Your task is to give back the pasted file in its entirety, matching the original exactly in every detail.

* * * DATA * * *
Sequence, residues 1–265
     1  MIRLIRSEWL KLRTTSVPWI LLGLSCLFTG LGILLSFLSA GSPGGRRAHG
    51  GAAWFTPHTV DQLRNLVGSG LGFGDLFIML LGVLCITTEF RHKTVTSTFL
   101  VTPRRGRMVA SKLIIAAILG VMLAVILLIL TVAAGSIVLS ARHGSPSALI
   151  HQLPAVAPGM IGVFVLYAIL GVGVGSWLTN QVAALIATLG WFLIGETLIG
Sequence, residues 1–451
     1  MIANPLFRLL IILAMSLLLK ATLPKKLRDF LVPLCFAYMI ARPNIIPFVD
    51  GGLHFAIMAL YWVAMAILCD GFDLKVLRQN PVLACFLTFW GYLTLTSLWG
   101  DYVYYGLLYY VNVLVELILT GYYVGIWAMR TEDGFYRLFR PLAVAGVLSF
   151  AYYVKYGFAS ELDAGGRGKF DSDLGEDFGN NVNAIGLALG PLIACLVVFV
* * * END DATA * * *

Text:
Sequence, residues 1–265
     1  MIRLIRSEWL KLRTTSVPWI LLGLSCLFTG LGILLSFLSA GSPGGRRAHG
    51  GAAWFTPHTV DQLRNLVGSG LGFGDLFIML LGVLCITTEF RHKTVTSTFL
   101  VTPRRGRMVA SKLIIAAILG VMLAVILLIL TVAAGSIVLS ARHGSPSALI
   151  HQLPAVAPGM IGVFVLYAIL GVGVGSWLTN QVAALIATLG WFLIGETLIG
Sequence, residues 1–451
     1  MIANPLFRLL IILAMSLLLK ATLPKKLRDF LVPLCFAYMI ARPNIIPFVD
    51  GGLHFAIMAL YWVAMAILCD GFDLKVLRQN PVLACFLTFW GYLTLTSLWG
   101  DYVYYGLLYY VNVLVELILT GYYVGIWAMR TEDGFYRLFR PLAVAGVLSF
   151  AYYVKYGFAS ELDAGGRGKF DSDLGEDFGN NVNAIGLALG PLIACLVVFV